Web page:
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Group Urges MA Lawmakers to Hold off on Cannabis Law Changes

March 14, 2017
With a small bag of cannabis pinned to her scarf, RachelRamone Donlan attends a December 2016 rally in front of the Statehouse in Boston. The protesters were objecting to any delay in opening retail cannabis stores in Massachusetts. (Michael Dwyer/AP)
BOSTON (AP) — The group behind a ballot initiative that legalized recreational cannabis in Massachusetts is now urging state legislators to keep the new law intact.
The appeal from Yes on 4 came one week before the Legislature’s marijuana policy committee was scheduled to open public hearings on possible revisions to the law, which allows adults to possess an ounce or less of marijuana and grow up to a dozen cannabis plants in their homes.

Jim Borghesani, a spokesman for the group, accused policymakers of creating a “false narrative” around the notion that the voter-approved measure, as currently written, is flawed.

“The new law requires no legislative fixes,” he said.

Related

Massachusetts Just Legalized. Now What?

Before considering changes, Borghesani said, lawmakers should defer to the yet-to-be-appointed Cannabis Control Commission, a three-member panel that will serve as the regulatory body for recreational marijuana in the state. If necessary, the commission could later make recommendations to the Legislature for any changes, he added.

The Legislature has already voted to delay for six months several key deadlines contained in the law, including the original March 1 deadline for appointing the commission. The delay is likely to push the opening of the first retail shops in Massachusetts back to mid-2018 at the earliest.

Borghesani said Massachusetts is the only one of the eight states where recreational marijuana was approved by voters to delay the timetable for implementation or consider a significant overhaul.

Related

Mass. Officials Go Against Voters, Delay Cannabis Shops from Opening

Legislative leaders on Monday appeared unmoved by the group’s plea to leave the law alone.

“It’s not our intention to undermine the will of the voters, it’s our intention to get it right,” said Democratic Senate President Stan Rosenberg. His comments were echoed by Democratic House Speaker Robert DeLeo and Republican Gov. Charlie Baker, who shared advice offered by officials in states that previously legalized recreational marijuana.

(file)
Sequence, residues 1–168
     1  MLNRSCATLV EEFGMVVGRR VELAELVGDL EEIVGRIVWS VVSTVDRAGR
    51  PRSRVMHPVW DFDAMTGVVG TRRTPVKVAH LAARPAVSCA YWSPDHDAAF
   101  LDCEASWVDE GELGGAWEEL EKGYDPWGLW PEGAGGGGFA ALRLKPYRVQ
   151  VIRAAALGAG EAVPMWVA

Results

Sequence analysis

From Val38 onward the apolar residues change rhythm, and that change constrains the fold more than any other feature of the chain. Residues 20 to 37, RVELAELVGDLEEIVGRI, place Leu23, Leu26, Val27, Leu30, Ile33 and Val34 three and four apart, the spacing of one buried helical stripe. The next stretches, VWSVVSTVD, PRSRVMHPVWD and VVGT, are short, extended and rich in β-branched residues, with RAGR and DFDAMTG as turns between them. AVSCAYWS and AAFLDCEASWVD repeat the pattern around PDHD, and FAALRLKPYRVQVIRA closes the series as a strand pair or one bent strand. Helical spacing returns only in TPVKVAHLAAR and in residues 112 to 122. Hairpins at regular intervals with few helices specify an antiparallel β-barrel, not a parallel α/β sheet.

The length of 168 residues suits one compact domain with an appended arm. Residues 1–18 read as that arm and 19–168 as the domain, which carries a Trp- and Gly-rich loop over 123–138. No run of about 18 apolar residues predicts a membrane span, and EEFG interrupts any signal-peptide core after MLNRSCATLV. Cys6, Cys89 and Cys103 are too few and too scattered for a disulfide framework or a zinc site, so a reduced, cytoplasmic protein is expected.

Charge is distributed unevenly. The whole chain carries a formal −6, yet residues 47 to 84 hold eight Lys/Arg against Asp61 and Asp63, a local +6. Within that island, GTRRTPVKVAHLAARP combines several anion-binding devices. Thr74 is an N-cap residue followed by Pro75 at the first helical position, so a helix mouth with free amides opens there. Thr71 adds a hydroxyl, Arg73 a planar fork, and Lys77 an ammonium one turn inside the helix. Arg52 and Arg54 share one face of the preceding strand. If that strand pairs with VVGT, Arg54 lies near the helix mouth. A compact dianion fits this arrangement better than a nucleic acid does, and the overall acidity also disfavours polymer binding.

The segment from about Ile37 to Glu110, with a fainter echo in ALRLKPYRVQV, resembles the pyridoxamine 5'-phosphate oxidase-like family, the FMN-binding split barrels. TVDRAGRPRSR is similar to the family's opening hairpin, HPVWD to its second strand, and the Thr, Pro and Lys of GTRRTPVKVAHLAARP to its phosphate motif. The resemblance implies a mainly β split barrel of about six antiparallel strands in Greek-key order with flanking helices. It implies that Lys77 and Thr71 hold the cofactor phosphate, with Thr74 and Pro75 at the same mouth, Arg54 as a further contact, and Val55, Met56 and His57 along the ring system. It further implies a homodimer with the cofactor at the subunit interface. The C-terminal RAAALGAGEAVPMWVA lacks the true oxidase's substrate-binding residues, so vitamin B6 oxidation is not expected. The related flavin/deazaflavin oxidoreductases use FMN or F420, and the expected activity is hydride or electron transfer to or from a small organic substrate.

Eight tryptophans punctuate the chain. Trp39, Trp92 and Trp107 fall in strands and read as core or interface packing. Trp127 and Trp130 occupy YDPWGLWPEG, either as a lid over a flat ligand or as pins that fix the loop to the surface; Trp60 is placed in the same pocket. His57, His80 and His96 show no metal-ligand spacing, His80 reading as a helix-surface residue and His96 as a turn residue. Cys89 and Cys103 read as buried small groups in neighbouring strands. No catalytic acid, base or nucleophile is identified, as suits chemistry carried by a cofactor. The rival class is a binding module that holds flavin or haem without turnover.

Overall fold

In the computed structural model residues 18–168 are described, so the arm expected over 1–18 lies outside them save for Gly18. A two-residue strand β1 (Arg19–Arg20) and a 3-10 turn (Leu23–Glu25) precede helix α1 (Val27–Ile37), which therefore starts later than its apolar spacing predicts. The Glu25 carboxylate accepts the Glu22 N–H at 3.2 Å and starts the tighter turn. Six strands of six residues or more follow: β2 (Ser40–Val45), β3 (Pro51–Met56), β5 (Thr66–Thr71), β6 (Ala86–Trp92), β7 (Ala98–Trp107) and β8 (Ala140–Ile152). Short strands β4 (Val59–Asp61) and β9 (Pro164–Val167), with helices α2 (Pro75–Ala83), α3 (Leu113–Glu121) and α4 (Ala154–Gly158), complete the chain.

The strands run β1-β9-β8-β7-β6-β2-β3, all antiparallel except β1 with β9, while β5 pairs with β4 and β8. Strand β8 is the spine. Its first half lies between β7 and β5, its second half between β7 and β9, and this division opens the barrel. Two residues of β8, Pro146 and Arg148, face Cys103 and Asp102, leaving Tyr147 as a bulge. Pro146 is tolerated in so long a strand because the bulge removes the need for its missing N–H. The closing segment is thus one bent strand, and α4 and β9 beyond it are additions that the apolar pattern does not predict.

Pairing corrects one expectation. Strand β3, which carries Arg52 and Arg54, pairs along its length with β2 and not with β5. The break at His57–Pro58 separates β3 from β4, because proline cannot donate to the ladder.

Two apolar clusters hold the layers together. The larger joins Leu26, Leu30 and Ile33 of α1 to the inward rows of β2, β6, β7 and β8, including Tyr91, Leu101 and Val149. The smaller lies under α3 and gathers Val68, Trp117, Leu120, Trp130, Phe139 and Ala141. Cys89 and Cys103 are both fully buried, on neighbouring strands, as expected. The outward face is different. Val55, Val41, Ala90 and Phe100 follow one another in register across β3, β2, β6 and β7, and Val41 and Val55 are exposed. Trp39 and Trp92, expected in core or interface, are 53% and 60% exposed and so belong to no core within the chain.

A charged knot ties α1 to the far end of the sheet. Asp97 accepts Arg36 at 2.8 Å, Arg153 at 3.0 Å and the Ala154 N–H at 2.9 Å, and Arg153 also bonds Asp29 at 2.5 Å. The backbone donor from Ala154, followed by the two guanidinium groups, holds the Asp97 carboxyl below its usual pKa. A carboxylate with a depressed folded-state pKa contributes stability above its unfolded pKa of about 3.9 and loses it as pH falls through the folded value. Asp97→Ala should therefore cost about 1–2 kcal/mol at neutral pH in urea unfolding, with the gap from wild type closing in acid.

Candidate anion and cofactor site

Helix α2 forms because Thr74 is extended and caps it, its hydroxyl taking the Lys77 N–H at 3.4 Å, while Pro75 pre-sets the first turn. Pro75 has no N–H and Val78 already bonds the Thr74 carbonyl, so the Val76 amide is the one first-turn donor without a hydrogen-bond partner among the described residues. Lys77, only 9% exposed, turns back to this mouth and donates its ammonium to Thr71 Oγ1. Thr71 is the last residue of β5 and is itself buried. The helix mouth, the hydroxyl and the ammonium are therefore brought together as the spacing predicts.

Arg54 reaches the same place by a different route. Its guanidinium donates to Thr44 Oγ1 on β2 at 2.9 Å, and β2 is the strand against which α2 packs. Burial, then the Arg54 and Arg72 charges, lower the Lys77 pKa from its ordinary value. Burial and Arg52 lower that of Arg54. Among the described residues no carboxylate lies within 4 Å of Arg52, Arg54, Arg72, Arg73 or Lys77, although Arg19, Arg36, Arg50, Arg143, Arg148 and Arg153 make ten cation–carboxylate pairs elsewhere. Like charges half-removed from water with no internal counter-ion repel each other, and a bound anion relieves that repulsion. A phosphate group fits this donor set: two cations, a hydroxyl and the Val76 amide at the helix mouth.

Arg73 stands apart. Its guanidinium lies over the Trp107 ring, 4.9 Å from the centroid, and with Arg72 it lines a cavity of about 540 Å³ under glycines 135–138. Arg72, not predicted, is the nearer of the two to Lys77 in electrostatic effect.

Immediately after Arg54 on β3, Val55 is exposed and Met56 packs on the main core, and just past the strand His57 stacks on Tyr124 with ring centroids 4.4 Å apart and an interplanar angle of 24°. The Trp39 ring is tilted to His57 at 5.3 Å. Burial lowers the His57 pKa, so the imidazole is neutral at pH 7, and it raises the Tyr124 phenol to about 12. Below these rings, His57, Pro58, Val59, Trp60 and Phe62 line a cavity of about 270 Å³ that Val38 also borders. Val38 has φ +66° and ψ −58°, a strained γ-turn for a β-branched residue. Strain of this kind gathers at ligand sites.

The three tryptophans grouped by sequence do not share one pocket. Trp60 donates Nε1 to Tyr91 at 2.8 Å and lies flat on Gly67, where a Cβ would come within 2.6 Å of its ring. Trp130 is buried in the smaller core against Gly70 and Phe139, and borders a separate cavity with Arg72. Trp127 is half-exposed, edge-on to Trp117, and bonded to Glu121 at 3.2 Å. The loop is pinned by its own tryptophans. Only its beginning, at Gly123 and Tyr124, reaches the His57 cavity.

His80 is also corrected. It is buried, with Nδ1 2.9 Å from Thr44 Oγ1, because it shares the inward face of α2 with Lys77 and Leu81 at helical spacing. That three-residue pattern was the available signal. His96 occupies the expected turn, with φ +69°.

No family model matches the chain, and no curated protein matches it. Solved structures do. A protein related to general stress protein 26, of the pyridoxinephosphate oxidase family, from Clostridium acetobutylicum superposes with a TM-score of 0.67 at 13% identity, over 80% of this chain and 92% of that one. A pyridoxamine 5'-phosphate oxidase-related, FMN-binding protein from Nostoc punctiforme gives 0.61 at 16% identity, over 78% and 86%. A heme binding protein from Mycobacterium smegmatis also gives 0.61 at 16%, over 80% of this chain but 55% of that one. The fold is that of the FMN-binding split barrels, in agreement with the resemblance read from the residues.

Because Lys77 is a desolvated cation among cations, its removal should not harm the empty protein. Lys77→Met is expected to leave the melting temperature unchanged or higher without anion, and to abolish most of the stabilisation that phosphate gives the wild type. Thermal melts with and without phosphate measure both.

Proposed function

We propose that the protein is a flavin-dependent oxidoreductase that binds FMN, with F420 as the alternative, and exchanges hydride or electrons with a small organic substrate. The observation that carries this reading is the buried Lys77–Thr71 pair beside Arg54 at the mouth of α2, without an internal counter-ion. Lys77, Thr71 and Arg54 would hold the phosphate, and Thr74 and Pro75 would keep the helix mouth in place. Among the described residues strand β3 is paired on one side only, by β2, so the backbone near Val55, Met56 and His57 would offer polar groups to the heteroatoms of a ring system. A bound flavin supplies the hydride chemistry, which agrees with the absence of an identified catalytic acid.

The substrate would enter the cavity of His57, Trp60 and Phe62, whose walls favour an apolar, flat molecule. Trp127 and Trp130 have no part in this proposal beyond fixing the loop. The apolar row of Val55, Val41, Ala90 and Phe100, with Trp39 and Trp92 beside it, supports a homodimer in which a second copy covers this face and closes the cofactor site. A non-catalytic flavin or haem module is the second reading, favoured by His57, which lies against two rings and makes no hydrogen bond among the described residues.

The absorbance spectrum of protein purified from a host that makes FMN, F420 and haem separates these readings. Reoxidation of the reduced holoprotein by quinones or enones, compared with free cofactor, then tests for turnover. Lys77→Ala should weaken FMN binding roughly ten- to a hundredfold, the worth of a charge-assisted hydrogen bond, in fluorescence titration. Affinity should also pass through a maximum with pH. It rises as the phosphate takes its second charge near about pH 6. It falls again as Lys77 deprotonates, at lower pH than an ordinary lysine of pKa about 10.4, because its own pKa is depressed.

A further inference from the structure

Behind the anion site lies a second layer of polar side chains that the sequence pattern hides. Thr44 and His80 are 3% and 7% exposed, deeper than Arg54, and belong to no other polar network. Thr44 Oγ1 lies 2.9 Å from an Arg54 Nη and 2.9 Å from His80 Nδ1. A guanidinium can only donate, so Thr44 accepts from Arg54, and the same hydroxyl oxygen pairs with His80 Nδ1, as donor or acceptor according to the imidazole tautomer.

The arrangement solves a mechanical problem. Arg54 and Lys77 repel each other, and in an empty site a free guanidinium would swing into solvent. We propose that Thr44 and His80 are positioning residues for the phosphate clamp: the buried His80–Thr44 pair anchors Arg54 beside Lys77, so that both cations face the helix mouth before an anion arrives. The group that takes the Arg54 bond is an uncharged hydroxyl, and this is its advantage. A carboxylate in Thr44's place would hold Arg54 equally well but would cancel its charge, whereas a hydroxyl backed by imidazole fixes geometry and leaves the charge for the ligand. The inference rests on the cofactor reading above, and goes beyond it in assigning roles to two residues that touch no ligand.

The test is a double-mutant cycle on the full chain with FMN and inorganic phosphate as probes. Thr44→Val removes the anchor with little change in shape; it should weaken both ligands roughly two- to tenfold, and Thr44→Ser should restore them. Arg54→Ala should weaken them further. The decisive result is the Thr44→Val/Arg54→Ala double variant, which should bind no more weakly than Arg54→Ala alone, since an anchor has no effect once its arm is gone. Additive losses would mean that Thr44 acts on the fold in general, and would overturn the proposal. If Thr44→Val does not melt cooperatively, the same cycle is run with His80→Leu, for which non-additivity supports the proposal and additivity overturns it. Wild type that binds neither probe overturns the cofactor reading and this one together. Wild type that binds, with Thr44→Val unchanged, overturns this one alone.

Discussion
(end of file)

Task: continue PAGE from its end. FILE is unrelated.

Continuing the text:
“Almost to a person they said you should make sure you have enough time to set this thing up in such a way that you’re not constantly chasing it,” Baker said.

The legislative committee, chaired by Rep. Mark Cusack, of Braintree, and Sen. Patricia Jehlen, of Somerville, could explore a number of changes including an increase in taxes. The law currently calls for a 3.75 percent excise on marijuana sales, applied on top of the state’s regular 6.25 percent sales tax and a 2 percent local-option tax.

Related

Mass. Panel Aims to Strike Balance on Cannabis Taxes

Critics have questioned whether the tax would generate enough revenue to cover the cost of regulating the drug.

Since the Massachusetts vote, lawmakers in neighboring states including Rhode Island and Connecticut have been considering the possibility of legalization more seriously. A public hearing was held at the Connecticut Statehouse last week on several bills that would allow for the cultivation and retail sale of marijuana.

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  • Michelle McHugh

    They are draggggggging their feet across their failure line. They failed to prepare for this law passing simply because they do not like being told how to make law. Our politicians have never worked well for us on marijuana. Now they want us to pay them for their delays. Kick em out.

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  • Alan479 Martin

    They can’t decide how they are going to control, legislate and tax marijuana so they can reap their maximum profits and control from it. They try to prevent any public leverage on their power controls. If they have to pass a law, they will make sure that it is on their terms that will make everyone still totally dependent on them. Marijuana represents freedom from their control world and that just cannot happen.

  • Gary MacDougall

    This is the kind of stuff that makes me feel that voting out the incumbents is the only way to they will get the idea that voters are why they are in office and they have a job to uphold what the voters want.

  • massvocals

    MassVocals agrees . the legislators are high jacking the petition law 334 of the acts 2016